Burt’s Cabin Tour

Burt Shavitz, of Burt’s Bees, died two years ago. A photographer (for Life and Time) from Manhattan, he settled near Bangor, Maine, in the 1960s. There, he discovered beekeeping. Although Maine is one of the worst places in North America to keep bees (limited forage, cool temperatures, harsh winters), his beekeeping nevertheless led to a candle business with his eventual partner Roxanne Quimby. It was mostly she who developed the wildly successful business which was purchased in 2007 by Clorox for about one billion dollars. By then, Burt Shavitz was largely out of the game. But his image (and the myth of the man) have continued to sell the Burt’s Bees’ line of creams and balms and healthy beehive by-products.

The Burt Shavitz myth is more than an advertising gimmick. He was a real beekeeper, a real granola-sucking backwoods-cabin sort of guy. However, when Burt’s Bees general manager Jim Geikie tells us, “Burt was a living embodiment of our purpose to connect people to the wisdom, power and beauty of nature,” it does border on a myth in the making. For a realistic sense of the complicated Mr Shavitz, I suggest Jody Shapiro’s documentary, Burt’s Buzz. It does justice to Burt’s life while exposing some of the petty things that actually make him likeable and connect him to us, the non-mythologized. Watch the film and you’ll see what I mean.  Here’s a YouTube link to the documentary.

Meanwhile, the tall tale continues with the Burt’s Bees company’s release of a 360 Experience that “Takes You Inside Founder Burt’s 300-Square-Foot Cabin” where  “There isn’t even an alarm clock”.  Oh my. No alarm clock. How primitive. Maybe he used the reminder feature on his I-Phone.  Anyway, for those of us who do not own a 300-square foot cabin in a Maine forest, here’s Burt’s Bees’ invitation to voyeurism. Look around and enjoy the cracklin’ fresh atmosphere of a fireplace which generates its homey sound on a repeating 61-second audio loop. It would add to the surrealism if the 360 Experience mentioned that Burt’s cabin is no longer in the woods in Maine, but was moved to Burt’s Bees corporate headquarters at the American Tobacco Campus in North Carolina.

Here’s a link to Burt’s Nature, the 360 Experience of Burt’s cabin/monument. If you feel creeped out as you wander through the mythical dead man’s mythical Maine house, you’re not the only one who finds this ‘experience’ eerily similar to a Rod Sterling Twilight Zone episode. Don’t misunderstand me – Burt Shavitz was an extraordinary man. Ex-military, acclaimed photographer, beekeeper. But I think he’d agree – give him a rest.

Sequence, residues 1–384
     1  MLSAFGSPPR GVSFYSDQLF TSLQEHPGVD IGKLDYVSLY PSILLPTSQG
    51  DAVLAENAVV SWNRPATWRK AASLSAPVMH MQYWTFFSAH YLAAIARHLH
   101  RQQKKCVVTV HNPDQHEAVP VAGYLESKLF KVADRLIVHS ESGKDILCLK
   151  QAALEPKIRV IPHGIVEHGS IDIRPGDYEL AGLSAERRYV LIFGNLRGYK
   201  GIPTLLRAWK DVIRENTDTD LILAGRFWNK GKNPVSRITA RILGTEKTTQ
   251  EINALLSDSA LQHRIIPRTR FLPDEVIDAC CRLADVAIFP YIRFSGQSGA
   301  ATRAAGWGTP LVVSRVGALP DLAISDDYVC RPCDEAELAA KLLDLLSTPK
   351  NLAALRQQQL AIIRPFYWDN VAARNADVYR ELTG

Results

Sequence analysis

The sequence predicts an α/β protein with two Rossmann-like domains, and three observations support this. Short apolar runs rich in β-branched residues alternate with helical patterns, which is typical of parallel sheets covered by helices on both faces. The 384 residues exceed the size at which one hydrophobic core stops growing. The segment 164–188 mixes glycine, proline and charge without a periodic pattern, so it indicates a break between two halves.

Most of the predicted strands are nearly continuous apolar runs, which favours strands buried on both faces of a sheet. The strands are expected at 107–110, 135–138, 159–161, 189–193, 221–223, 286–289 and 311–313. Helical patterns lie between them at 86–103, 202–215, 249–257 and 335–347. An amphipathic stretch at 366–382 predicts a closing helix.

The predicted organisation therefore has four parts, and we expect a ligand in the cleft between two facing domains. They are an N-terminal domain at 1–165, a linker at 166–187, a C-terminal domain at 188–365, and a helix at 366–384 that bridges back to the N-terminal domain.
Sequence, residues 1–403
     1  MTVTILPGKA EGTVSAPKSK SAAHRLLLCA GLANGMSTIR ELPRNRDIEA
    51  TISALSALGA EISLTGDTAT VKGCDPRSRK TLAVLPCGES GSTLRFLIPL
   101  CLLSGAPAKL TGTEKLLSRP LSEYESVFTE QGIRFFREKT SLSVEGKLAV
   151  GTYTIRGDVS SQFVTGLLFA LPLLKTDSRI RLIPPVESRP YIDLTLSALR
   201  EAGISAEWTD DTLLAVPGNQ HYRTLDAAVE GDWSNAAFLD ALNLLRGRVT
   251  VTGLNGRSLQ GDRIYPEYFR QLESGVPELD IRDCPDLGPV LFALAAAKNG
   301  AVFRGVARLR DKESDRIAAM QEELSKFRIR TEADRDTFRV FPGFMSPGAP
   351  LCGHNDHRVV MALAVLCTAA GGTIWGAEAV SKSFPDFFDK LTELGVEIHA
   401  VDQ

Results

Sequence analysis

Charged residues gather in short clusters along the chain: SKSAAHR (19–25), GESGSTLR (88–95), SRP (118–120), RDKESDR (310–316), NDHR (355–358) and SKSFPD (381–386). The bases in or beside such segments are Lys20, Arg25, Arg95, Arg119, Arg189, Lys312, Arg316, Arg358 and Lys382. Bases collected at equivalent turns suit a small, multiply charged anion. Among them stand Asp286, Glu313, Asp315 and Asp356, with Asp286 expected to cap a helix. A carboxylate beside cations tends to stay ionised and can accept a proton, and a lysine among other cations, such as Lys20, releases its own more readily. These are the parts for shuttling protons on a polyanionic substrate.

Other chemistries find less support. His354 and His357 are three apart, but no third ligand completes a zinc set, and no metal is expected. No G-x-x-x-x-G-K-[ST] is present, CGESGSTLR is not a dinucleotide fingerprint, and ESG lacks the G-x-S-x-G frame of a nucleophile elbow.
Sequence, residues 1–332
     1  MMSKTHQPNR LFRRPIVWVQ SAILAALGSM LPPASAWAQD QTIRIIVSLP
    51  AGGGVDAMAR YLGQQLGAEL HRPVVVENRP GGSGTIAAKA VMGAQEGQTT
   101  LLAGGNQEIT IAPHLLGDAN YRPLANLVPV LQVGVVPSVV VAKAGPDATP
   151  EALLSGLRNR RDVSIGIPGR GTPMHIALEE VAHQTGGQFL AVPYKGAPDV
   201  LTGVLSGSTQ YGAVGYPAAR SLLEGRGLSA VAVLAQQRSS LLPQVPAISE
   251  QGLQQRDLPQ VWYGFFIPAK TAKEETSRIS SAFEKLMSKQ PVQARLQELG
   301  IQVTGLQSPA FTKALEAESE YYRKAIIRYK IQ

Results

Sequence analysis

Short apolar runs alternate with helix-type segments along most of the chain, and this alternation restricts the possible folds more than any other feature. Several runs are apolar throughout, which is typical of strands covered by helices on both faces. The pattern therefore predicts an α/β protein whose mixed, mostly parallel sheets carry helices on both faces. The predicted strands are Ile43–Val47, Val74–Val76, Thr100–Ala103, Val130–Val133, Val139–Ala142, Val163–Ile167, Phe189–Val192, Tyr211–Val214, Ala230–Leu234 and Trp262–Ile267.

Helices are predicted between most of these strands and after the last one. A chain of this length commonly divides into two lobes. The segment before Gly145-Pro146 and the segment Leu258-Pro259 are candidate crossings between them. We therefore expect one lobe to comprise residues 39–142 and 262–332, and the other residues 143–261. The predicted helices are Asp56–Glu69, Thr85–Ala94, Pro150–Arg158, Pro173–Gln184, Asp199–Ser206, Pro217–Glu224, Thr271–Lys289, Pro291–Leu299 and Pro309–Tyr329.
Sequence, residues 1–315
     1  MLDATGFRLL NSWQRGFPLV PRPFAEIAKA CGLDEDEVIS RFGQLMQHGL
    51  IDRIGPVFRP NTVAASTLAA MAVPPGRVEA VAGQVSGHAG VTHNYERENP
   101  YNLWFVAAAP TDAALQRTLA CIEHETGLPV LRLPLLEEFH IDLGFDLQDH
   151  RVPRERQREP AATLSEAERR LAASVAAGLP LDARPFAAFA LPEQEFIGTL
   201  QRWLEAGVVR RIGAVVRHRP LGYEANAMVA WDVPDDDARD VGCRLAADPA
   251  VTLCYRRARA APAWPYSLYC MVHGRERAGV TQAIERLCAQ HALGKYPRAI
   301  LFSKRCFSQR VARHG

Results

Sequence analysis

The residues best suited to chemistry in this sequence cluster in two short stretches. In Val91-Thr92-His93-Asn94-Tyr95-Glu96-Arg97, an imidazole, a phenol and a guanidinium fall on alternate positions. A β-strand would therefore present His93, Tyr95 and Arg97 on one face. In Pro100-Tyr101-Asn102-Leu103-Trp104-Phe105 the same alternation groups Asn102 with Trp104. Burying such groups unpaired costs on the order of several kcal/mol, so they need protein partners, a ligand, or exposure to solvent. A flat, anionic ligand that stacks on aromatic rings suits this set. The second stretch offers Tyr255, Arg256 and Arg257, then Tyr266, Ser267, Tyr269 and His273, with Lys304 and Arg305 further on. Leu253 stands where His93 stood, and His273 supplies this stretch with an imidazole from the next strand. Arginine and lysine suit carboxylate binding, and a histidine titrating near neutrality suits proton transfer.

About Ron Miksha

Ron Miksha is a geophysicist who also does a bit of science writing and blogging. Ron has worked as a radio broadcaster, a beekeeper, and is based in Calgary, Alberta, Canada. He has written two books, dozens of magazine and journal articles, and complements his first book, Bad Beekeeping, with a popular blog at www.badbeekeeping.com. Ron wrote his most recent book, The Mountain Mystery, for everyone who has looked at a mountain and wondered what miracles of nature set it upon the landscape. For more about Ron, including some cool pictures taken when he was a teenager, please check Ron's site: miksha.com.
This entry was posted in Culture, or lack thereof, Hive Products, People, Strange, Odd Stuff and tagged , , . Bookmark the permalink.

3 Responses to Burt’s Cabin Tour

  1. Pingback: Burt’s Cabin Tour | Raising Honey Bees

  2. Pingback: Burt’s Cabin Tour | How To Raise Bees

  3. Emily Scott says:

    Amusing about the audio loop fireplace! My house is stuffed full of tech, but I don’t own an alarm clock either. I have my iPhone like you say, plus a baby. If Roxanne did most of the work, perhaps it didn’t matter when Burt got up anyway. Afternoons are a better time for beekeeping!

    Liked by 1 person

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